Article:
“It’s an Ambassador class vessel in the Malox system. Right where all this started.”

“How ironic.” Baxter replied disinterestedly, looking at his house of cards with pride. “How about the wreckage of the Washita? Any survivors?”

“We’re too far away to tell for sure right now. But we’ll be in communication range in five minutes.”

“Understood. I’ll be right out.”

“Okay. I love you. Conway out.”

Baxter pounded his desk with anger, then frantically moved to steady the shaking house of cards before it toppled over.

He would never live this down.

“You clumsy fool, what are we going to do now?” Danel asked impatiently.

“Don’t get short with me, Danel.” Brin replied, “it’s not my fault the starfleet engineer found the shield controller. At least he did not find the bomb.”

“Small comfort. In any case, we’re going to have a hard time hiding now–we just wholloped one of their crewmen.”

“We’re going to be wholloping many more soon,” Brin muttered.

Brin huffed as he pushed Stuart’s unconscious form into the Jefferies tube that they had been hiding in. “Do not worry about that. We should be at the coordinates any minute. Once we arrive, the luck of the Starfleet crew will run out. Just like this pathetic engineer’s.”

“If you say so. I just hope we get a chance to see Mirk.”

“Don’t tell me you still have a thing for him.”

“Well, we were childhood friends.”

“Well, Danel, you’re fifteen now. It’s time to act like an woman, instead of a little girl.”

“Shut up Brin.”

“No, you shut up.”

Once he was sure his house of cards was stable again, Captain Baxter stepped onto the bridge.

“We are in visual range now, Captain.” Larkin stated.

“Okay. Onscreen.”

There was no doubt now. The ship that was on the viewscreen was a Starfleet vessel.

“Magnify.” Baxter said.

Commander Conway stepped closer to the viewscreen so he could see the ship’s name and registry numbers.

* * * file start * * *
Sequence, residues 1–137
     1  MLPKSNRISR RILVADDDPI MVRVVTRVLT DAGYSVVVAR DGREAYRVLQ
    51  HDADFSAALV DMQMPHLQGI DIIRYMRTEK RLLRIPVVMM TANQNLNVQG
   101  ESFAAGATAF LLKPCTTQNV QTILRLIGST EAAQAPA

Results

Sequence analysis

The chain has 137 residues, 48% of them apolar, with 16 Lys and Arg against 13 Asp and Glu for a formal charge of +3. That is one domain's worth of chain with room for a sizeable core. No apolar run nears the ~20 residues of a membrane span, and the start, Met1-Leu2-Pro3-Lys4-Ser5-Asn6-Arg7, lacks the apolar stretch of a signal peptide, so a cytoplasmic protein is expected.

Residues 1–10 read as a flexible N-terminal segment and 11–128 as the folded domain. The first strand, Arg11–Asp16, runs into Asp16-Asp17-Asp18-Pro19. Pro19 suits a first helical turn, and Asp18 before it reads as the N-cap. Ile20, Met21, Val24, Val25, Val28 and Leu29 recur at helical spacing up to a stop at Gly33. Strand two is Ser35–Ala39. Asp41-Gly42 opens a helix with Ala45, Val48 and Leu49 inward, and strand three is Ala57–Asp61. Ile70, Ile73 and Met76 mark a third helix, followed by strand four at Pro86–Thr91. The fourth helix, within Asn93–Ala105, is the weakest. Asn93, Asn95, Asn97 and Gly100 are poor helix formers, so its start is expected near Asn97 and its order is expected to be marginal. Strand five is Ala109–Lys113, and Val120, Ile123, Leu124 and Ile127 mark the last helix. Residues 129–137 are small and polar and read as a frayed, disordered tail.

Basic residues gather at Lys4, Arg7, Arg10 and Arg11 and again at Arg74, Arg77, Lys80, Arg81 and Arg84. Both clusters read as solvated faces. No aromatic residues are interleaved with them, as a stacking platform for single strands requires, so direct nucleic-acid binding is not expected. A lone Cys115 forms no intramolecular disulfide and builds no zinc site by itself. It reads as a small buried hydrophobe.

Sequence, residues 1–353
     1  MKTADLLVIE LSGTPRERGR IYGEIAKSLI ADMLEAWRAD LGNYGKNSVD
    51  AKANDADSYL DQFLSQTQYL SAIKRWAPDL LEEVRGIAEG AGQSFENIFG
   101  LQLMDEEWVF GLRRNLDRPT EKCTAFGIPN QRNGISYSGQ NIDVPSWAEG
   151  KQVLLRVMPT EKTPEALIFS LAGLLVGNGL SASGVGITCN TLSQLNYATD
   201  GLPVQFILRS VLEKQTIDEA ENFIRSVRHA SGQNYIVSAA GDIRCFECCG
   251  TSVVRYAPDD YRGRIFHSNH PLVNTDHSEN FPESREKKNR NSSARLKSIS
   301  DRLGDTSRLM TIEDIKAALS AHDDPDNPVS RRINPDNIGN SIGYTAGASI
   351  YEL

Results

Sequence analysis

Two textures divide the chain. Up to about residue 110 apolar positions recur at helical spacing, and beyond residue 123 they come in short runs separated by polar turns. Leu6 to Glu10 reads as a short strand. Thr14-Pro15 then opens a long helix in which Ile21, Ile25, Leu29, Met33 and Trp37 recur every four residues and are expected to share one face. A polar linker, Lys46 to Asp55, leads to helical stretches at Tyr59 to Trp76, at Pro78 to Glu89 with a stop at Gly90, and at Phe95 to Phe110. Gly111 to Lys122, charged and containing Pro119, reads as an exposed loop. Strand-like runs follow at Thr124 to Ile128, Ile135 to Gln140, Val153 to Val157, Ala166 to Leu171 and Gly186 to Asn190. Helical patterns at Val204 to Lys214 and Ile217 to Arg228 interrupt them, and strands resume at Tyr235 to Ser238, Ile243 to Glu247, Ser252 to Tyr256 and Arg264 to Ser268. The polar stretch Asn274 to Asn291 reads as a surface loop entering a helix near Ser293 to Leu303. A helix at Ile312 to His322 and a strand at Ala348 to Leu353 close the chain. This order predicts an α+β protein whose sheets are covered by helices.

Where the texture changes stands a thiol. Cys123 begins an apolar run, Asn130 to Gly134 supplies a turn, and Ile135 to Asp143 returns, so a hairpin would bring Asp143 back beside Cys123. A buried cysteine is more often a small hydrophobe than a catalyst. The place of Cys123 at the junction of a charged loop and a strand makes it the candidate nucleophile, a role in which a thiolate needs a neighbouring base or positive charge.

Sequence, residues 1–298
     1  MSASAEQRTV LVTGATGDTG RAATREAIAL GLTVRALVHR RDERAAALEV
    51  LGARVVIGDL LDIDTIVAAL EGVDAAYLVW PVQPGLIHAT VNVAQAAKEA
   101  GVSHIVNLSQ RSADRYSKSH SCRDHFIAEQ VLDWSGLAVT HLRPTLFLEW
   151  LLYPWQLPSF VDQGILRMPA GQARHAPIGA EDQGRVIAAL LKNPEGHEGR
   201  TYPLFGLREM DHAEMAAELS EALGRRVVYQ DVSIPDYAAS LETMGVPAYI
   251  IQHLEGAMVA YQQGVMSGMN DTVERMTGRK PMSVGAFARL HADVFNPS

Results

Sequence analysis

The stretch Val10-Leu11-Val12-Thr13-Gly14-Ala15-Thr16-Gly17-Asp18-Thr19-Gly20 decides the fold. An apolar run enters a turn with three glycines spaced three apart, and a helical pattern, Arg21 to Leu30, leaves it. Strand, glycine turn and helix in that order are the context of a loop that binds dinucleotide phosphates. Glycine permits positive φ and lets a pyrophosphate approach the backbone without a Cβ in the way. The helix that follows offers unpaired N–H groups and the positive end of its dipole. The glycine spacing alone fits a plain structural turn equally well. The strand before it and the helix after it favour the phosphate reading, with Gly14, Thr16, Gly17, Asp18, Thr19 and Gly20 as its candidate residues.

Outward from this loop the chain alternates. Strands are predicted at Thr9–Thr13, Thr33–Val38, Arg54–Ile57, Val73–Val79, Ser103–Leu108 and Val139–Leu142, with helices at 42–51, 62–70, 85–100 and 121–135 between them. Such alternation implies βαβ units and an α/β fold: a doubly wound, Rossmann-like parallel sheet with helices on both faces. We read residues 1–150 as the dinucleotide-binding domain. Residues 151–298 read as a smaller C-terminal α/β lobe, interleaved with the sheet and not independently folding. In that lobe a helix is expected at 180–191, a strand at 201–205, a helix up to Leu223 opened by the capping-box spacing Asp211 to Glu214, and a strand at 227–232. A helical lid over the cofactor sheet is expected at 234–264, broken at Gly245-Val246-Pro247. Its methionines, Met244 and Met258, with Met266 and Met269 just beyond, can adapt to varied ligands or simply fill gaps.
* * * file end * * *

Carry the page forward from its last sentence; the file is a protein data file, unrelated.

“USS Inspiration. Registry NCC-25792. Ambassador Class…” Conway said, almost to himself.

“Commanded by Captain James Stevens. Lost in the Bermuda Expanse on stardate 50103. More than a year ago.” Larkin said, completing Conway’s thought.

“I knew Stevens.” Conway said, returning to his chair. “I served as his Chief of Operations aboard the Garrison several years ago. He was an erratic man to say the least. Some even thought he was insane. Not exactly Starfleet’s finest.”

“Like we are.” Fresca laughed from the helm. “I bet if Pike, Kirk, or Picard had gotten caught up in the Bermuda Expanse, they’d find a way out.”

Baxter turned on Fresca angrily. “Well, I guess I’m just not cool enough to get crippled by radiation, fall off a cliff, get blown up by Romulan Warbirds, or crash my ship into a planet, huh?”

Fresca was silent a moment.

“Hah! I rest my case.” Baxter said triumphantly. “I’m no worse off than any of those guys.”

“But they were more popular with the ladies.”

“Shut up.”

The argument between Fresca and Baxter was interrupted by Lt. J’hana. “Captain. We are now within communication range.”

Baxter turned around and took his command chair. “Very well. Open hailing frequencies.”


“This is Captain Andy Baxter of the Federation Starship Aerostar. We’ve received your distress call. You don’t know how good it is to see a friendly face.”

“We’re receiving a response, sir. Audio only.” J’hana reported.

Baxter looked over at Conway. “That sounds a little suspicious.”

“I don’t know,” Conway replied, “their transmitter could be damaged.”

“Scan the ship, J’hana…what’s their condition?”

“They have a damaged warp core, which is emitting an incredible amount of radiation. The radiation is blocking any further scans.”

“Damn strange.” Baxter said. “Put their response on speakers.”

“This is Inspiration. Thank goodness you are here. We were… um…worried about your runabout. It crashed on the planet below a short while ago.

Baxter’s brow creased with worry. “Damn. Well, we’ll get a team down there to investigate shortly. How about you guys? Do you require assistance?”

While Baxter chatted with the other ship, Tilleran couldn’t help but feel extremely uncomfortable. Something was wrong. The man over on that ship was lying!

Commander Richards’ stomach was really hurting now. He shouldn’t have eaten so much salad. That had to be it.

He decided to try and take his mind off it, leaving his office to go check on Stuart’s progress.

“Hey, Stuart…” Richards said, sticking his head out of his office.

Suddenly, a disruptor beam lanced out from out of nowhere and hit the wall right above Richards’ head.


He jumped behind the main diagnostic table, slapping his comm badge.

“Richards to security! Intruder Alert!”

Under half impulse, the Aerostar creeped closer to the Inspiration.

“Do you know what caused the runabout’s destruction?” Baxter asked, fearing the attackers might return.